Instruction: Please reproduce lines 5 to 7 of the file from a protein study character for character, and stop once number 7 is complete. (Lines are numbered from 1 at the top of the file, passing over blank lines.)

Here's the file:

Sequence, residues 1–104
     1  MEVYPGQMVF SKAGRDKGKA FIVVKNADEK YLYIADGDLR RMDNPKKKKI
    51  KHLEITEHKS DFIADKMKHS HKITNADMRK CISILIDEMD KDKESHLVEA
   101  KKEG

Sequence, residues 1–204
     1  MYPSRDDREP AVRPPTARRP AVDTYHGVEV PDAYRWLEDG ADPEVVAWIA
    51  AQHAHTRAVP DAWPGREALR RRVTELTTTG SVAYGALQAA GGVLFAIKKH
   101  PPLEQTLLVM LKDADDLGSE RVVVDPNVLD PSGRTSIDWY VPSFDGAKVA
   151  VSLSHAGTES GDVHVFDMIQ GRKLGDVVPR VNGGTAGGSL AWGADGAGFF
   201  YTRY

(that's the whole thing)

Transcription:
Sequence, residues 1–204
     1  MYPSRDDREP AVRPPTARRP AVDTYHGVEV PDAYRWLEDG ADPEVVAWIA
    51  AQHAHTRAVP DAWPGREALR RRVTELTTTG SVAYGALQAA GGVLFAIKKH